Additionally, we hit the ground running with the fidelity reviews process – we added four new team members to our behavioral health team and have trained them over the past couple of weeks to serve in the role of fidelity reviewers.  You can read about them and their role on the site.  Technical assistance sessions for the community are planned and will take place over the next couple of months.  A big thanks to Kelli Donley and our entire behavioral health team for coordinating this evidence-based initiative.


Behavioral Health Services for 14 Counties Go Out to Bid

July 15th, 2014

gsa-mapNow that we have a new integrated behavioral health care model in Maricopa County, we’ve set our sights on implementing a similar integrated care model in the rest of the state.  Our Procurement Team issued the Greater Arizona Behavioral Health RFP last week – which sets the course for integrating behavioral health and physical health for folks with a serious mental illness as we select behavioral health authorities in the rest of Arizona.

The Greater Arizona Behavioral Health RFP solicits bids from entities that provide integrated behavioral and physical health for folks with a serious mental illness – much like the Maricopa County contract.  People in the general mental health or substance abuse categories will get behavioral health services from the RBHA and their physical health care from an AHCCCS acute care health plan.

The bid is structured to consolidate several of the current Geographic Service Areas.  When the new contracts go live in October of 2015, we’ll have a total of 3 service zones (North, South, & Maricopa) – rather than the current 6.  We’ve also ensured that tribal land aligns with the service areas.  Of course, tribes wishing to continue as a Tribal Behavioral Health Authority would continue as-is.  The solicitation makes it clear awardees will only be able to hold a contract in 1 service area.  We plan on reviewing the proposals beginning in October and awarding the contracts by the end of the year with an October 1, 2015 start date.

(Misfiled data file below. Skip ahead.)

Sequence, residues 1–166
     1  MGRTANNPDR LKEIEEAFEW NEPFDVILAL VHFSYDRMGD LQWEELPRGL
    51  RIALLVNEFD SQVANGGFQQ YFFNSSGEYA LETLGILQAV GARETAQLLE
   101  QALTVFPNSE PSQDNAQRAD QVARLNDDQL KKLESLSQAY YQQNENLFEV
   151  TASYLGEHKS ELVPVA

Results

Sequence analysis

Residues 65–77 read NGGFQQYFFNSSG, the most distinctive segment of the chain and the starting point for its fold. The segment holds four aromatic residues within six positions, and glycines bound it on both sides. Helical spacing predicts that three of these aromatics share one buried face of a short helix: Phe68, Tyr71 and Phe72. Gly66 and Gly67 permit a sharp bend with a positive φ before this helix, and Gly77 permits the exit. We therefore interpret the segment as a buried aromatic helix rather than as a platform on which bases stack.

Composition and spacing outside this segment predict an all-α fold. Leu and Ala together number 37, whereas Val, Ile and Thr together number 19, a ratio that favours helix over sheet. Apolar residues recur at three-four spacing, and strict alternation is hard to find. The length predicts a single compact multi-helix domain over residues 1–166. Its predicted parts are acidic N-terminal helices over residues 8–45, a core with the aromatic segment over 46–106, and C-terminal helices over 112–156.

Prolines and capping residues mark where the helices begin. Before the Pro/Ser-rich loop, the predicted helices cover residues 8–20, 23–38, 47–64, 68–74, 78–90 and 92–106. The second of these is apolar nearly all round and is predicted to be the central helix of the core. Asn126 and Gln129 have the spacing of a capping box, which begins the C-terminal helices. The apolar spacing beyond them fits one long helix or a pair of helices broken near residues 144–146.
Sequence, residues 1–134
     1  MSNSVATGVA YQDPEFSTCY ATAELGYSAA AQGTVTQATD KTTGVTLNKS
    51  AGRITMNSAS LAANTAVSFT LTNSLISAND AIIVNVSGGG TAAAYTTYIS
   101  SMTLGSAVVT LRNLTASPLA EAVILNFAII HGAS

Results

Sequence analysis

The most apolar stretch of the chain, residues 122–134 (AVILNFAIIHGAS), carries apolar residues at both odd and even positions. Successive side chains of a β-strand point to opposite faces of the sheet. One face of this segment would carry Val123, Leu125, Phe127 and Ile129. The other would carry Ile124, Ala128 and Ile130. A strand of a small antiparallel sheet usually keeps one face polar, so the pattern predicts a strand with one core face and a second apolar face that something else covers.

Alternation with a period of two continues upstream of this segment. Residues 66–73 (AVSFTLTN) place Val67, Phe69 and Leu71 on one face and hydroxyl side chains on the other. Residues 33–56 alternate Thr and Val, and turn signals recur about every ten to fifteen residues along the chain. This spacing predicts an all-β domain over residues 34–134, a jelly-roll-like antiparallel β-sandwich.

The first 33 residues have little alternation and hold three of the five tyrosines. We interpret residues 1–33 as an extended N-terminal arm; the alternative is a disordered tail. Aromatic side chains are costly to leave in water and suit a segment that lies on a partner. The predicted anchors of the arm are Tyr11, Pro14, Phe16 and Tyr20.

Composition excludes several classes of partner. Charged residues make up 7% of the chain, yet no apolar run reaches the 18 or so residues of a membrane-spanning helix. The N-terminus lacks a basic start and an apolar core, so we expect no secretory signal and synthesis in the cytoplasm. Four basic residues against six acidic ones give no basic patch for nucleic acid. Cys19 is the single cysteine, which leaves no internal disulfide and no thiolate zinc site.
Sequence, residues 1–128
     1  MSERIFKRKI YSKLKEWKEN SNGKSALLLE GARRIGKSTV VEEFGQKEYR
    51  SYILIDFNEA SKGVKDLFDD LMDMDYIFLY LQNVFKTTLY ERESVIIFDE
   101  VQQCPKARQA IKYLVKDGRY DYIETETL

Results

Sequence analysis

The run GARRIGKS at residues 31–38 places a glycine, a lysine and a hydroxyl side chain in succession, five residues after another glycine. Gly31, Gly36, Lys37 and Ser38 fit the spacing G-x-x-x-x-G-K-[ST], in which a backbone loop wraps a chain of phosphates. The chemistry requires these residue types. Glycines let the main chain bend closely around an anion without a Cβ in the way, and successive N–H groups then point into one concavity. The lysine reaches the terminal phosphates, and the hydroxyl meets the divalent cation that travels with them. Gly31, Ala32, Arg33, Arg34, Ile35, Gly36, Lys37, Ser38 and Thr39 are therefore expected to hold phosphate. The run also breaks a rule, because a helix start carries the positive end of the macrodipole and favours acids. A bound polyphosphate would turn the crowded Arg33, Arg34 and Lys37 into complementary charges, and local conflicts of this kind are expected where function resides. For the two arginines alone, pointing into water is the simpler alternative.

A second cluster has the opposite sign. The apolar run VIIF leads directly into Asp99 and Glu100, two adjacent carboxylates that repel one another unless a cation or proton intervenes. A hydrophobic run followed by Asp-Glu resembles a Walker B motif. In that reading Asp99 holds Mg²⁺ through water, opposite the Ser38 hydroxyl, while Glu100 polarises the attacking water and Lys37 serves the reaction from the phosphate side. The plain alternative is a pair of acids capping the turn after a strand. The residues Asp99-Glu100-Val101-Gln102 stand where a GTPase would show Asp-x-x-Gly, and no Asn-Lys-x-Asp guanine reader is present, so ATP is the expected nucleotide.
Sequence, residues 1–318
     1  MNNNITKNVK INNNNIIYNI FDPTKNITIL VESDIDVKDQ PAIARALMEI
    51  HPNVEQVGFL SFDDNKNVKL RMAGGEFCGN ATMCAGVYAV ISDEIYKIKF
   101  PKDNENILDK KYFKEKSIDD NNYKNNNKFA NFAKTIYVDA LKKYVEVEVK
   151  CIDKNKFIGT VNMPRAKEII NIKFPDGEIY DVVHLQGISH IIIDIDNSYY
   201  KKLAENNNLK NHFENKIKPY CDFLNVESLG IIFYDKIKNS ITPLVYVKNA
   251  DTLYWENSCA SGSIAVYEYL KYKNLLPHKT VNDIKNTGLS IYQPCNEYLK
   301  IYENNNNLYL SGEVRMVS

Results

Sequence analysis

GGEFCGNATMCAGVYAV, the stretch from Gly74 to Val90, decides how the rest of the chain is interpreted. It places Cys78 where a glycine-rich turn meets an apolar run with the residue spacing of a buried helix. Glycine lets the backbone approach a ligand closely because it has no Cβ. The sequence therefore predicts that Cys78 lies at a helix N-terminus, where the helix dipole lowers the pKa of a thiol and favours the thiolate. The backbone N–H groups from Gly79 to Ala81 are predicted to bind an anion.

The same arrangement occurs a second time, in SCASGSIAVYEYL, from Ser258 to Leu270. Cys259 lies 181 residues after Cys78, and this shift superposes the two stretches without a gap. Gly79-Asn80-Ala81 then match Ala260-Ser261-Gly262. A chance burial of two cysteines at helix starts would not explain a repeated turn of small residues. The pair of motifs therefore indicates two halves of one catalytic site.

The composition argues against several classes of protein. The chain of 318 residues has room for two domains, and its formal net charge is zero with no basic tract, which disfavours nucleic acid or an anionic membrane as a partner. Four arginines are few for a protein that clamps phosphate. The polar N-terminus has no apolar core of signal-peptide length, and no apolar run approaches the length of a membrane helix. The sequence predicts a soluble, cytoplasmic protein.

Opening the Doors to People with Special Needs: Solutions to Prepare Your Practice

July 11th, 2014

brother and sister enjoying day on playgroundOur Office of Children with Special Healthcare Needs has been working with UnitedHealthcare Community Plans and the AHCCCS to support an important free Conference on July 25 to improve the care delivery system in Arizona for children and youth with special health care needs and disabilities and their families.

The goal of the free Conference is to provide tools to primary care physicians, behavioral health providers and their staff to incorporate innovative best practice approaches as they care for children and youth with special health care needs and disabilities and their families.  It’s called “Opening the Doors to People with Special Needs: Solutions to Prepare Your Practice”.

The Conference offers health professionals an opportunity to interact with peers throughout the State acquiring continuing medical education (CMEs) and tools to take back to their practices as well as networking with community based organizations that promote health advocacy for individuals with disabilities across the lifespan.  Providers can attend in person or via Webex.  It’s easy to sign up and it’s free-including a complimentary lunch.